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My vision for Beeston partly comes from my experience of living in poor countries.  Malawi, one of the poorest countries in the world and known as the Warm Heart of Africa taught me the benefits of community.

What is it that makes Beeston so special? What are its strengths?

‘It’s like a village’! It’s small enough to know lots of people but it has everything we need, like a town. Beeston has an international flavour, looking outwards as well as inwards.

Beeston has a variety of community and interest groups: U3A, sporting groups, church and other faith communities, students, choirs, Oxjam, poetry groups and pubs. There are self-help groups, support groups, and Citizens Advice Broxtowe.

It has a wide variety of shops and I rarely shop anywhere else.  

There is a buzz in Beeston. especially with the present development of phase 2 of Beeston Town Centre with its cinema, 132 flats, and restaurants.

What challenges do we face?

Housing is major concern. There is a shortage of houses and rents are high because Beeston is popular place to live and there is a shortage of brownfield sites. The new flats in the centre will provide some help.

What is there for young people?  Young people need more leisure facilities, and more empowerment. The Youth Mayor and Youth Council attached to Broxtowe Brough Council are an example of this.

We need to work together:  Often community groups have competed with each other and have not worked cooperatively together or with the statutory authorities. This is changing. CAB (Citizens Advice Broxtowe) is working closely with Broxtowe Borough Council and the DWP (Department of Work & Pensions). Churches and many local groups have worked to support HOPE in delivering food parcels during the pandemic.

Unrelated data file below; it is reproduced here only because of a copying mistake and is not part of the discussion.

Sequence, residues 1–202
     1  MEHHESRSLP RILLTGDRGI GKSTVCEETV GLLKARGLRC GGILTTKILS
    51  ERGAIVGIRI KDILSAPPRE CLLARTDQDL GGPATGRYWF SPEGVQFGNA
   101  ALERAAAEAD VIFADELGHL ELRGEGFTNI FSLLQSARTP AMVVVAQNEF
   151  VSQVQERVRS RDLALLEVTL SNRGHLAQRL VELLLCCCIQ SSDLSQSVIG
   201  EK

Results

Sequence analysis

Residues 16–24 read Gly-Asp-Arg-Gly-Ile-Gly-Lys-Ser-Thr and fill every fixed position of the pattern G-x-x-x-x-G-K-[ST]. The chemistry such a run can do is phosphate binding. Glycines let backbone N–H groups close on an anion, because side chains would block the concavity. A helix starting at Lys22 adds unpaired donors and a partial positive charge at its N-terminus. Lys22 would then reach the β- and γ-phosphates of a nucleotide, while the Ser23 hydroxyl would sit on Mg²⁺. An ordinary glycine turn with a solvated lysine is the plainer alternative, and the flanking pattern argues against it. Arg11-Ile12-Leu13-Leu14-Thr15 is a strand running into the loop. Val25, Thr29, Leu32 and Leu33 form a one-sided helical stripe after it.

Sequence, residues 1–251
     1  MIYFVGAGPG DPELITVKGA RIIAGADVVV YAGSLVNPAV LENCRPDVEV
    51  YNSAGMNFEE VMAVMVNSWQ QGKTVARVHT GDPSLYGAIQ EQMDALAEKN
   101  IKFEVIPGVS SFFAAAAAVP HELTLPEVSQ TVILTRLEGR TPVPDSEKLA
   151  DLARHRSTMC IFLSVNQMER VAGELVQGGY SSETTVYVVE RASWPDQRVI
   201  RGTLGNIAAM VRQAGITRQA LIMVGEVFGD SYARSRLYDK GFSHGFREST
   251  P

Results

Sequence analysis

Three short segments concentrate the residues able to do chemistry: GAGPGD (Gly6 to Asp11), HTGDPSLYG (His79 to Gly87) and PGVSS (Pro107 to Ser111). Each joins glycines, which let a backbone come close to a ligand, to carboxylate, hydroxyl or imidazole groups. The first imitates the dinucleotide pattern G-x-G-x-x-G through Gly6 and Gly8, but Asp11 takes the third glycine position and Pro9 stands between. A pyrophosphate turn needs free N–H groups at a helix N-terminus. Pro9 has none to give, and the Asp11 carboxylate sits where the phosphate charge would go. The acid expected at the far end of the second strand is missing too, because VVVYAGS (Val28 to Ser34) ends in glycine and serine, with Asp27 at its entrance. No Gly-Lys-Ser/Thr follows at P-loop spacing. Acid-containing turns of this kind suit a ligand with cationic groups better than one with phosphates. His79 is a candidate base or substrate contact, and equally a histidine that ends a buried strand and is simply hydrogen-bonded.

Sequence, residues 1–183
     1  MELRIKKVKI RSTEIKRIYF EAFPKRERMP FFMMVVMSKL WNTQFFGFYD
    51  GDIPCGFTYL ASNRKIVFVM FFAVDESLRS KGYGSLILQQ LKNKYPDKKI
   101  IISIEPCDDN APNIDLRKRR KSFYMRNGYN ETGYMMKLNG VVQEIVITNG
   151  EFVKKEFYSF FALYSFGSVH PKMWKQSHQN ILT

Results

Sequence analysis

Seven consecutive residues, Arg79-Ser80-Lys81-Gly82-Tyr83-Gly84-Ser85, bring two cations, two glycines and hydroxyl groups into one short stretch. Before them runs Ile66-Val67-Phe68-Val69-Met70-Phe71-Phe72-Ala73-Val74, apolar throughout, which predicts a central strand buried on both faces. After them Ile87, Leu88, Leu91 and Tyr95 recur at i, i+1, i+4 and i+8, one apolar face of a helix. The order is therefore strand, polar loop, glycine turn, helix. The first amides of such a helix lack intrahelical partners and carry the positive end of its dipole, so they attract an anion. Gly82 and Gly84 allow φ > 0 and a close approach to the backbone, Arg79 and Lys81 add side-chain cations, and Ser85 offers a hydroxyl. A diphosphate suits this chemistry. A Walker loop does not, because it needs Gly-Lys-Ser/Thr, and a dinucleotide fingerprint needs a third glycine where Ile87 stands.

The COVID pandemic has taught us how to re-evaluate our priorities:  we have become more of a community supporting those in need, valuing carers, key workers and the NHS. We need to continue this.  BAME (Black and Minority Ethnic) groups need to be valued by the Council and the Community.

How can we make Beeston a better place to live, work and play?

Working together is the answer. Here are two examples that I have been involved in: The combination of Broxtowe Brough Council, voluntary groups and individuals established a Memory Café for people living with dementia. It now meets weekly with 40 people attending.

In 2015 local councils were invited to house Syrian refugees. The Council agreed and, working together with landlords, residents and councillors, got eight new Syrian families settled in this area.

Our response to the COVID pandemic has been to strengthen our ties of community and to care for those in need and for our environment. We need to build on this, to encourage each other.  Beeston is already a great place to live, work and play and it can only get better!




Janet Patrick, Councillor for Beeston West, Mayor of the Borough of Broxtowe.                    June 2020




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